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Comments

    It says something that the best gaming news of 2014 boils down to that the Witcher 3 would be out the following year.

    "It couldn't wipe out the memories of how bad Diablo 3's launch was"

    It was? I played it twice through in the month following launch and had a great time, all I remember is not being able to connect to the servers a couple of times.

    How could you not mention Dragon Age: Inquisition, Wolfenstein The New Order, Alien: Isolation, South Park Stick of Truth, Borderlands Pre-Sequel, Child of Light, or Valiant Hearts The Great War? All great games.

      "It couldn't wipe out the memories of how bad Diablo 3's launch was"

      "It was?"

      Now bear with me here. Did you know that there are actually billions of people on planet earth? And not just you?

      The launch disaster that was diablo 3 was widely reported and documented. Blizzard themselves even apologized for it. Your anecdotal evidence does not cancel out what actually happened.

    The best thing about 2014 was Sunset Overdrive and Forza Horizon 2. Those two games were absolutely excellent exclusives for Microsoft but too many people were still on the Xbox hate train.

    I must have been living under a rock. Had no idea about gamergate (from the Deadspin article). What an incel-fed nightmare

    2014 gave us a GREAT set of additions to history's gaming library!
    Some of my favourites from 2014:

    AC: Rogue - Better than Unity, worse than Black Flag, still pretty good! Didn't end up playing it until the recent remaster, but it's a 2014 game that turned out to be pretty damn good!
    AC: Unity - At the time of launch, I was bitterly disappointed. Mostly by the fact that it wasn't Black Flag 2, what with Black Flag remaining the greatest AC game and possibly the greatest GAME ever, full stop. But there were some neat innovations, and after patching, it proved to be... pretty good.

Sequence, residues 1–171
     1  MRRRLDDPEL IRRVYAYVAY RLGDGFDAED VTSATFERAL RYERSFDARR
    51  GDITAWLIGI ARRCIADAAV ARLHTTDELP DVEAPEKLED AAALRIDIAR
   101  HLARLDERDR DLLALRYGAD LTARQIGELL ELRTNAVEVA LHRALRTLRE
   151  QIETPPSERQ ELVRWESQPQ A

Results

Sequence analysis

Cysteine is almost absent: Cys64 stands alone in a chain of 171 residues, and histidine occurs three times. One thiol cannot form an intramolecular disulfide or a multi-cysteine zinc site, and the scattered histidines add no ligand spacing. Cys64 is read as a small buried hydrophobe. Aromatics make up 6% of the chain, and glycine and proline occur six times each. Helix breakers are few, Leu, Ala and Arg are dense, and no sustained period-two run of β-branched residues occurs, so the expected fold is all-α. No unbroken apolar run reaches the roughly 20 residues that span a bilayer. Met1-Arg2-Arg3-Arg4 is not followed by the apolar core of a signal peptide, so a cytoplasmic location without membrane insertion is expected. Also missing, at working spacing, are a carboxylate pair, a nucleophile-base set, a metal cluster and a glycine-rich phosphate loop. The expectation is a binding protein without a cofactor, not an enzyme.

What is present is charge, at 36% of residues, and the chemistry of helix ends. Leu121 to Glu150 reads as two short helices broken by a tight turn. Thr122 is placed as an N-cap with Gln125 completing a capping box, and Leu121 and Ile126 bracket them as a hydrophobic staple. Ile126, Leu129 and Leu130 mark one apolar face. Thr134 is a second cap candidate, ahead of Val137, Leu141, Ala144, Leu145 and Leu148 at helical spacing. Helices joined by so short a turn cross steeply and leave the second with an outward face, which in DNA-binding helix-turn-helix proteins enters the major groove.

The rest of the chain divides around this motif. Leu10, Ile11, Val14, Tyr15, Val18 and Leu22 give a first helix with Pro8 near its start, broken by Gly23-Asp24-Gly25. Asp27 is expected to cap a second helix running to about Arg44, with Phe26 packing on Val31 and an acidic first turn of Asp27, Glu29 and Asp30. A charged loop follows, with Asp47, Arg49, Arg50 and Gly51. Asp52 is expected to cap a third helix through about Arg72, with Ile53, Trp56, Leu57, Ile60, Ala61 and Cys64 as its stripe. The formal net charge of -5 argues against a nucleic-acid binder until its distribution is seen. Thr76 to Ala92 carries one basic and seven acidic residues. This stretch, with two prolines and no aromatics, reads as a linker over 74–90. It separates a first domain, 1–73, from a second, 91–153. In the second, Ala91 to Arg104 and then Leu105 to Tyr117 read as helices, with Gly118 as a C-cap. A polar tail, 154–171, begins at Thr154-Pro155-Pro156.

Age of Wonders 3 - The best HOMM-like that no-one knows exists, let alone plays. I know it gets compared to Civ a lot, but it's definitely more like HOMM. Why aren't there more HOMM-clones? Hm. Maybe it's because even HOMM itself is dead.
    Akiba's Trip - I AM NOT ASHAMED. It's good, dammit. Just… ignore the stripping bit. It's just a combat mechanic. Nothing suss.
    Alien: Isolation - The IDEA of this was better than the experience, on account of how the alien was sometimes artificially bullshit… but still, it was effective. If I ever find myself backed up and in desperate medical need to shit myself, I'll be sure to load this up again.
    Banished - Hard-as-nails but gorgeous and rewarding city-builder that was almost entirely made by one guy.
    Banner Saga - A heart-wrenching exercise in trying and failing to fight despair in a world currently undergoing a reasonably slow ancient viking apocalypse, reinforced by its punishing strategy mechanics.
    Borderlands: The Pre-Sequel - Back when, "It's more Borderlands!" was a cause for joy, rather than a cause for shrugging and pushing away from the table a little earlier than everyone involved expected. Hell, even then it was still just… pretty good. But I'm still glad we got it.
    Bound by Flame - Wasn't horrible! I will always, always give the shout-outs to the AAs who try something different, work hard, aim high, and fall short in ways that don't straight-up ruin the game. It is clearly the distorted, fuzzy shadow of the much better game the devs envisioned and might've been able to pull off if they weren't a AA studio, but it was still... OK! Some novel ideas in there.
    Broken Age Part 1 - Yeah, it was over in five minutes flat, but it was cute and fun and we only had to wait a year for the second part! Unlike SOME episodic bullshit… Seriously though, fuck episodic releases. They're awful. They should die.